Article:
I did take a pistol course, but I want to take a rifle course. I haven't found any good ones in my area. The big issue, since I have already been taught gun safety, is finding a source of valid information on rifle shooting technique. Would this forum be a good place to ask around about that?

pacerdude
January 9, 2011, 05:32 PM
Sorry I didn't notice that he mentioned living in Colorado in the OP...my bad :o.

oneounceload
January 9, 2011, 05:32 PM
In CO, find any BLM land and go have fun shooting

22-rimfire
January 9, 2011, 05:32 PM
Take a Hunter Safety Class. You will learn a lot about safety during that class. It is generally required prior to buying a hunting license the first time.

If you have the firearms already, you may be able to find a safe and quiet place on Federal (BLM) land where it is free to shoot. If you are under 18, I would find someone who is 18 to go shooting with.

Generally you can purchase a long gun from a licensed dealer at Age 18 and a handgun at age 21 with no criminal history (check ATF regs). You can purchase at a younger age from individuals assuming it is legal in Colorado; these are commonly referred to as private sales or face to face transfers.

It would make things easier if we knew your age...

Hanzo581
January 9, 2011, 05:38 PM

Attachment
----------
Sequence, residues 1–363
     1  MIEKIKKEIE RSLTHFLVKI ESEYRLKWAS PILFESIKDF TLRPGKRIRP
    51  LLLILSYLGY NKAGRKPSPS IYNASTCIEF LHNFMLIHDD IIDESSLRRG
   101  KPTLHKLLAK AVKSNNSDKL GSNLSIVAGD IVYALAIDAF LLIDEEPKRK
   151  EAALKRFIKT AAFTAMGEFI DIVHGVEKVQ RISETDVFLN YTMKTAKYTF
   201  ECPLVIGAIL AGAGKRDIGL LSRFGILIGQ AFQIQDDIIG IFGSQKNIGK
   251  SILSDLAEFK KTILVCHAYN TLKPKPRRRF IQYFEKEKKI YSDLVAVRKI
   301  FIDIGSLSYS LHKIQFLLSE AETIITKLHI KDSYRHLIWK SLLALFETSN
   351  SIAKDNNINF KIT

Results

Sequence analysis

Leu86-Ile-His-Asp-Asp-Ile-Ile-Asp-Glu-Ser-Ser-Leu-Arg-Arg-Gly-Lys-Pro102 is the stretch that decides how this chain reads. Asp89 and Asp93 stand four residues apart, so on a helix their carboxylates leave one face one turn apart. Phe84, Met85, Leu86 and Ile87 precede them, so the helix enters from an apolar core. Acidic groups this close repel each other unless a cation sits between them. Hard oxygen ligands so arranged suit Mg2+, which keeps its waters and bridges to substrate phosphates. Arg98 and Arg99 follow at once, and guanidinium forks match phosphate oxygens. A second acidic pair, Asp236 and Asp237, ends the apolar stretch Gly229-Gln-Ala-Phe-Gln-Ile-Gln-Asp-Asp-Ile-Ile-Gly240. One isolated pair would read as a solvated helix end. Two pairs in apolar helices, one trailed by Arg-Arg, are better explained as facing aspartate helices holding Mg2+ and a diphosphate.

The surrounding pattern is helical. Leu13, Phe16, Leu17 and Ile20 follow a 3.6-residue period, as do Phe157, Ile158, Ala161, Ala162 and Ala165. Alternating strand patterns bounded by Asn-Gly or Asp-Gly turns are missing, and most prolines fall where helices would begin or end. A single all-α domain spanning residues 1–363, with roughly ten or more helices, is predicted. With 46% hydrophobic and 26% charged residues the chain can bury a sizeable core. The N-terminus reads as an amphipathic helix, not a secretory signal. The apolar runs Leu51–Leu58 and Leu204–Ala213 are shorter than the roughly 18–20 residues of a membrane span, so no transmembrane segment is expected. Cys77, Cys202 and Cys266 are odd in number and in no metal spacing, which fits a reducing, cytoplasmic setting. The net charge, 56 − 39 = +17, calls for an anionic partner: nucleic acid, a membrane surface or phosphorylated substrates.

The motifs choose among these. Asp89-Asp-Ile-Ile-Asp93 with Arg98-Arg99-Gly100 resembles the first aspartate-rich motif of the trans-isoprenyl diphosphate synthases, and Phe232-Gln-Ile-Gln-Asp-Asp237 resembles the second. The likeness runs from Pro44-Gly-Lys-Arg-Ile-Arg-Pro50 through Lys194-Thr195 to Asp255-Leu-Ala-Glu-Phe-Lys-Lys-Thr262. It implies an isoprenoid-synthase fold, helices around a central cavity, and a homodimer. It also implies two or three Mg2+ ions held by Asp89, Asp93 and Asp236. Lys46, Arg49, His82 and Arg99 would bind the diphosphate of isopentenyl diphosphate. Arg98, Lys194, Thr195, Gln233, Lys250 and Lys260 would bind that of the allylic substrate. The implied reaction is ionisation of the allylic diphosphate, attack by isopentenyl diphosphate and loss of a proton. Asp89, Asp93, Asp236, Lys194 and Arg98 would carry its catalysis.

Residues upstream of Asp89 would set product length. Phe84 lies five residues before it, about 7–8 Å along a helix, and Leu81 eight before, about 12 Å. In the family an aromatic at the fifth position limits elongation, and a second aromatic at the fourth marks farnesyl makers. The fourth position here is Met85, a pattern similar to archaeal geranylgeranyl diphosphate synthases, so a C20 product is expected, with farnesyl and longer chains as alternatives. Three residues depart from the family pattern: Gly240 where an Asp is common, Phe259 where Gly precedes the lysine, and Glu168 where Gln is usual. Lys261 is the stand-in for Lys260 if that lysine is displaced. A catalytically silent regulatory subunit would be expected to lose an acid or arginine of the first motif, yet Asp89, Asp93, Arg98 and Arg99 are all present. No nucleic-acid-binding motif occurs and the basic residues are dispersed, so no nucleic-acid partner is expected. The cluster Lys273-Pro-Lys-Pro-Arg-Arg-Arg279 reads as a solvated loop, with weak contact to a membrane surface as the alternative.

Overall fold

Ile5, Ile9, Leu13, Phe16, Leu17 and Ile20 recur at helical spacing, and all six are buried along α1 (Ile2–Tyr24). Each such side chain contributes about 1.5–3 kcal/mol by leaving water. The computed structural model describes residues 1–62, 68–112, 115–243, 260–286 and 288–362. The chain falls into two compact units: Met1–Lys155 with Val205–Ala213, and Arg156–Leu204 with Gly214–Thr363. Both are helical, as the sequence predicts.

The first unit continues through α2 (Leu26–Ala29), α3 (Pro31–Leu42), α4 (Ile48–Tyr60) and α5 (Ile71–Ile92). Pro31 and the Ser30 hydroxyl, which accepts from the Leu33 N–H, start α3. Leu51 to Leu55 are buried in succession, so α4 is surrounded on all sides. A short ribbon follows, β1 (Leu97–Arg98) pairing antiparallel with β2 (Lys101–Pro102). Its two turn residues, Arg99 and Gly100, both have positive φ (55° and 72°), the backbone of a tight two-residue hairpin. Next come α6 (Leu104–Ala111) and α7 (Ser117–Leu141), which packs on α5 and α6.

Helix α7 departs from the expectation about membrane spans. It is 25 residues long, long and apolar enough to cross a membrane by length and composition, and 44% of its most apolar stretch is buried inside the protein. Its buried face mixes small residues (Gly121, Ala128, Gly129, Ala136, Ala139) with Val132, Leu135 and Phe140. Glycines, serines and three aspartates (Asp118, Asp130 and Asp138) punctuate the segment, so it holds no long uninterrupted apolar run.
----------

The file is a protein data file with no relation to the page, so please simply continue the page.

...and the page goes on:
Depending on your state laws the process is very simple. You will go in, select your firearm, fill out the paperwork, pass the NICS background check, pay for the gun, and go.

Some states will make you wait, some will have a bit more paperwork or you'll have to take a class. Best thing to do is contact your local gun shop, or even better visit them, and talk to them about the process.

HowardC
January 9, 2011, 05:51 PM
Hello Soccermiles! Welcome to the sport! I don't know what area of "...western side of the Rocky Mountains..." you are referring to, but there are a few options. One is the list of clubs/ranges at the Colorado State Shooting Assn site: www.cssa.org , and the Colorado Division of Wildlife has a few ranges as well:

http://wildlife.state.co.us/Hunting/PlanYourHunt/ShootingRanges/NWRanges.htm

for a partial list. Some are private, but some are open to the public year round, or less, depending on the reason. eg: Byers Canyon is closed during winter to allow for big game foraging, etc.

Most areas of national forest and BLM lands are available for shooting, as long as you observe local rules and exercise some modicum of safety. Be sure to be safe, and pack out all your trash, brass, etc. Contact the local Forest Service station for details.

Other posters are right about finding a mentor, paid or otherwise to help show you the ropes and advise on things.

Be safe and shoot straight, -West

buck460XVR
January 9, 2011, 06:24 PM
Take a Hunter Safety Class. You will learn a lot about safety during that class. It is generally required prior to buying a hunting license the first time.


+1. Most hunter safety classes will cover basic hunting and safety skills. They are also a good place to ask questions. All the hunter safety instructors I know are involved with other organizations affiliated with hunting and shooting. They'll know where to go to shoot and who to contact if you want to get involved with specific sportsman's groups such as pheasant's forever, NWTF and the RMEF. Many of these sportsmans groups have a mentoring program at the local level. This includes adults as well as youth.

If you are truly interested in getting more involved with shooting sports whether it be hunting or just target shooting. Please take the time to do it safely and legally.